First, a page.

Let’s not even talk about the training time factor today.

Lastly, here is the thing…..

Even with all of the baggage, I still want to run.    I still want to run far.    I still dream the dream of running the way that I used to run and that there is the problem.   I need to live with the reality of today and work towards the reality that I would like to have.

As much as I know the time is right, I still can’t help but believe that it’s wrong….

The real question needs to be…

If not now, When?

time-flies

 

Perspective

We all come at life from different perspectives.    We all look at things just a little different based on our own personal experiences and over time even our own perspective shifts.

Before I ever got off the couch, I could not imagine why anyone would want to run for fun.   Running was something other people did.   People who did were nuts.   Sane people did not run.   Now that may be true, but once I got off the couch and started running my perspective changed.   I became one of “those crazy runners” even if it took me a while to think of myself as a runner.

Now when I started though, I had no thought of “good” pace or finish time and didn’t really put much thought into it.  Ok, I put no thought into it.   I rolled into my first half marathon by just signing up after it was suggested on a long run that I was taking just to take.   I had very little thought on strategy, pace, or even finish time.   I laugh now because in the car on the way to the race, I was in awe and amazed at the other runners talking of such things.    I felt like an idiot to be honest.    When they asked me what my plan was, I was like to finish.   We started together, but I told them to just run without me because I had no clue and didn’t want to hold them back.   Then a funny thing happened, I realized that they were always in my view.   I was stalking them:)   Then they realized I was back there and I joined the party!

I finished in 2:09:24.

Perspective shifted.

I was a runner, but I was just “normal runner.”   I would never do a marathon.

I have since run 5.   The first one was just not to die and then I actually started training for time.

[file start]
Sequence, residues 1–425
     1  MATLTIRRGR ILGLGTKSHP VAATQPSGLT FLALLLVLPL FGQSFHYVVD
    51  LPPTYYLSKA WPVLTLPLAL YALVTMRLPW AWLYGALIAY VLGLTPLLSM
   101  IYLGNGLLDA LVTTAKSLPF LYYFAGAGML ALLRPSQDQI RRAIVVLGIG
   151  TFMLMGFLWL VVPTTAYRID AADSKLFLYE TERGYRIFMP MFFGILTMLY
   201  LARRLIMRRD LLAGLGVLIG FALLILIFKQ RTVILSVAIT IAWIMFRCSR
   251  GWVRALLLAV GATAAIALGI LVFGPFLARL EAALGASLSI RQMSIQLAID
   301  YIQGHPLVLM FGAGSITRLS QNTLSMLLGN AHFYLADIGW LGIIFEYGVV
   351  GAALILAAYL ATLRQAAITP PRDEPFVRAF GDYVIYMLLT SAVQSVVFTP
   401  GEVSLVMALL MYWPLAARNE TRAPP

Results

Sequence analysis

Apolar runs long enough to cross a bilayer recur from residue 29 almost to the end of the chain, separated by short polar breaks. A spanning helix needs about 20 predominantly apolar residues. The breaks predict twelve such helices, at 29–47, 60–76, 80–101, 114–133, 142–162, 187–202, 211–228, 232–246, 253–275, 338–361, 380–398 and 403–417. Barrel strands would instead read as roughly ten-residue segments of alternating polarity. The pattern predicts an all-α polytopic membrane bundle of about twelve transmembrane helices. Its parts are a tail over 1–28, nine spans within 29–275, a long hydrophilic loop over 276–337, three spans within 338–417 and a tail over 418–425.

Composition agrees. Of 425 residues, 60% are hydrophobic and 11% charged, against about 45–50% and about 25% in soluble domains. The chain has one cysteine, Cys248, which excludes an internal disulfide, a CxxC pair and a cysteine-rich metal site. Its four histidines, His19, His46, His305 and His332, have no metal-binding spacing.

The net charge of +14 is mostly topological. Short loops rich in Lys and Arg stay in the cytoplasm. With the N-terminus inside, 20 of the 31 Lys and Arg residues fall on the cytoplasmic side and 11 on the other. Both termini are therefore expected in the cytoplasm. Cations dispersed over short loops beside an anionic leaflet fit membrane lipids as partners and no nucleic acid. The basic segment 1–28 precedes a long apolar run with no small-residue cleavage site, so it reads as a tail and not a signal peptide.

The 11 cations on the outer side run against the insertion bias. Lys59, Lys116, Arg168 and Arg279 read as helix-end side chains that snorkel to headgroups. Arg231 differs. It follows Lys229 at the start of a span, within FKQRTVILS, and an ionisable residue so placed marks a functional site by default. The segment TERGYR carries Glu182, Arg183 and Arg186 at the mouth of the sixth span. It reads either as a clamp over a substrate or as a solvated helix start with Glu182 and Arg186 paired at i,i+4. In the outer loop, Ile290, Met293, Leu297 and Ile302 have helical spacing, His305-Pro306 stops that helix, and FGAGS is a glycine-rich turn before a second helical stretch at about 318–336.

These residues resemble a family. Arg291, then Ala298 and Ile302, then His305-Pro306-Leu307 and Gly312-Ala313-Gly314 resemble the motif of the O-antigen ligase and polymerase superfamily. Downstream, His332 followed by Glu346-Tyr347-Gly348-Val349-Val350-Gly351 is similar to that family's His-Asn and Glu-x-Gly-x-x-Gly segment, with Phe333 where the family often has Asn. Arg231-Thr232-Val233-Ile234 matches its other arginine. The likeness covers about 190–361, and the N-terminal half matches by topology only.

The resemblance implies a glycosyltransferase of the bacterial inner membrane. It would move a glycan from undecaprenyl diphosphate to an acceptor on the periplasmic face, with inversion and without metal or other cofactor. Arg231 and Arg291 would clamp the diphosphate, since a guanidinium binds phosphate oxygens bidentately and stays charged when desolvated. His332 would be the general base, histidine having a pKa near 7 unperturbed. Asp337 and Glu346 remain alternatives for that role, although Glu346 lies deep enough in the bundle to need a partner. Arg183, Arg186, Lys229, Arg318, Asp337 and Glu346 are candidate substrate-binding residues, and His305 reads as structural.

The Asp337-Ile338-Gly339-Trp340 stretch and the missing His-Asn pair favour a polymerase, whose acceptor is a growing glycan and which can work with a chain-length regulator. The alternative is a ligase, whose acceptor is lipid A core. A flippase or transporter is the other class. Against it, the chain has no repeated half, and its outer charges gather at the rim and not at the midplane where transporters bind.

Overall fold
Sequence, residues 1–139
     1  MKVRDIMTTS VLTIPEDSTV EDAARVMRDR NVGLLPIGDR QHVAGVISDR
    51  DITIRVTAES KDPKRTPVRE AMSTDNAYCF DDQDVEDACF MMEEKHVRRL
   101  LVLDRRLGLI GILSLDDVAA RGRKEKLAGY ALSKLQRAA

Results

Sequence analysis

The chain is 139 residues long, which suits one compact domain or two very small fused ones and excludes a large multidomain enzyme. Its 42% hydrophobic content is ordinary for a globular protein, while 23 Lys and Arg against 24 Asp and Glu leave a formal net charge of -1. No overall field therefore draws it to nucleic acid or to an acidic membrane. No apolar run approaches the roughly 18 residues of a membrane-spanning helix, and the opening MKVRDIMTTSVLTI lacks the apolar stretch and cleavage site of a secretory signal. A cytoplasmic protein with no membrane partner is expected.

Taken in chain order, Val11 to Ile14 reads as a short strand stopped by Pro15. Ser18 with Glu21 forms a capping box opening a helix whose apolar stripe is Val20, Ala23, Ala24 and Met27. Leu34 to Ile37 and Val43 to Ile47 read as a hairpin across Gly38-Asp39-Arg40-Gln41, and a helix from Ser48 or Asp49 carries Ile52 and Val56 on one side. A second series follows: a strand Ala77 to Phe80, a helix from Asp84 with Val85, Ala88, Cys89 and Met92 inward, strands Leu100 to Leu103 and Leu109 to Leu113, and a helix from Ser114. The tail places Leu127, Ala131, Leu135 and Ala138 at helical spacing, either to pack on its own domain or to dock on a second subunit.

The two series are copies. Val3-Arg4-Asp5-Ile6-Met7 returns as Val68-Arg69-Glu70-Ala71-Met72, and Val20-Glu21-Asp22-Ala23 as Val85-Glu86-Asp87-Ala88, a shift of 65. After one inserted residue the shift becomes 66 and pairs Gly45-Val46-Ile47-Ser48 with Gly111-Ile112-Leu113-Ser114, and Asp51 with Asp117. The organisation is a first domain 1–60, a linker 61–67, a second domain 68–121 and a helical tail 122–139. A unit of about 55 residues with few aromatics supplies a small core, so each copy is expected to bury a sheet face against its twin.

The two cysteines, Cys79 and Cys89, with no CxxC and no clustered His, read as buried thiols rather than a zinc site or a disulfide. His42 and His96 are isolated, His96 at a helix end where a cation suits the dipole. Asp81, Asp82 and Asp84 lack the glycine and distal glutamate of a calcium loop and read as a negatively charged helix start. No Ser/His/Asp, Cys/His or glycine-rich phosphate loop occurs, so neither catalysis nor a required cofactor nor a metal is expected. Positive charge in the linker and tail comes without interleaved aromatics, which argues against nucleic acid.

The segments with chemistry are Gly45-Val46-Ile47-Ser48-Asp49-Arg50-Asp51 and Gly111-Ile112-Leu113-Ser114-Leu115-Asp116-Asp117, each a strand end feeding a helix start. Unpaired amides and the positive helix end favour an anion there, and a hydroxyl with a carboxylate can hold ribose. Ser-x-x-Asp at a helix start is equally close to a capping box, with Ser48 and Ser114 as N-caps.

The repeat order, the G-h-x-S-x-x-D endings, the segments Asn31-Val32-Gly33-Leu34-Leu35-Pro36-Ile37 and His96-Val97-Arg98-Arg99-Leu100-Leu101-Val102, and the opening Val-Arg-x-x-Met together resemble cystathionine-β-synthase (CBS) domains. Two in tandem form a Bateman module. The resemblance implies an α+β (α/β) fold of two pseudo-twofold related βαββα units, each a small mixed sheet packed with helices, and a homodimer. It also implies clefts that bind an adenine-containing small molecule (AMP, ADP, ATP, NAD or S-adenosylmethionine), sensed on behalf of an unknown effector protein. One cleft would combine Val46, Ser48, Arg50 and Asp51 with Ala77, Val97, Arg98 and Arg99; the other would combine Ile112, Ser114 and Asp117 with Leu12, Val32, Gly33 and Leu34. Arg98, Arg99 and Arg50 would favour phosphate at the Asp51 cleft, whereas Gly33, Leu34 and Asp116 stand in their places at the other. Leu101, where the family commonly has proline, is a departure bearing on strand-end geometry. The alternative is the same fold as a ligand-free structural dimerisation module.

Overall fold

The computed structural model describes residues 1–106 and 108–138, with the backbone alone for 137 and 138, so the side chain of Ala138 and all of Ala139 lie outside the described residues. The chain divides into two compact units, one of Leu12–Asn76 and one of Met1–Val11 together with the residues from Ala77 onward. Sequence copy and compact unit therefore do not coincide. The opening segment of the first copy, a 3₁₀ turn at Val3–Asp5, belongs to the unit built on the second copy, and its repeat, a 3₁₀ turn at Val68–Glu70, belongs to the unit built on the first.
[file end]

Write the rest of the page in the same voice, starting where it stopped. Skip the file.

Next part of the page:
But I would never be one of those crazy runners to run an Ultra.

I have run one 50K,   Truth be told, I secretly (shhhh, don’t tell anyone) want to run one again.  This is in the future, but I think it will happen again one day.

Perspective is a funny thing.

First I couldn’t imagine running.   Then I couldn’t imagine not running.   And now, I’m doing all I can to keep myself running.  Perspective has changed once again.

When I ran the NYCM marathon two weeks before my thyroid was removed in 2016, I was chasing the elusive 4:30 marathon.   I, probably, could have gotten it if I had not run the first half of the marathon like a half totally forgetting that the wall is no joke and not to be messed with.   But I still finished in under 5 hours.   Whew.

Perspective.

Chicago last year, I once again went back to having a goal of just finishing which is what I did.    I walked the last few miles.   I finished in 5:48:52.    I was happy.   I finished.    It was probably the hardest race that I have ever ran even with the slowest time.

Perspective.

I was lucky to be able to do Chicago.   I am lucky that my Hypoparathyroidism allows me to do all the things that I do.  So many with this disease would love to do what I am able to do.   I am very lucky, because it could be much worse.   For now, all is good.   I may have more aches, pains, weight, and such; but I am still able to get out there.

Perspective.

I sometimes think that I need to just enjoy the process now because as with anyone I don’t know what the future will bring.   For now, things are good and I need to just enjoy it all.   The aches.   The pains.   The heavy breathing.

And even with all of it, I am so lucky and it’s all the way you look at things.

When I had my first 24 hour urine test, my levels were off the charts.   My urine calcium level was over 570.   The normal level is supposed to be 200.   In talking to my doctor about changes to medications, she said that for someone with my condition our goal is to have these levels around 300.    The flip side though is that after getting used to a normal calcium level in the 9’s, I would lower my dosages to bring it down to the 8’s again.   What  a difference a point will make, but it’s all good.

I just got the results from my second 24 hour urine test.   The results were coming from my primary doctors office and they would send them to my endocrinologist.   Anyway, the office called and they were very upset as my levels were sooooo high.   The woman nicely was going on and on about how serious this could be with problems with osteoporosis and more importantly lead to kidney stones and damaged kidneys.   She was trying to get her point across how serious it was, when I asked what my levels were.   She replied that they were very high at 263.

Perspetive

I laughed and told her that was great because it had been over 570.

So just like life, running really comes down to our perspective.    I may never be the runner that I was for just a short brief blip, but it really doesn’t matter.

I’m still a runner.

And who knows…  Things could still change because that is just the way life works.

attitude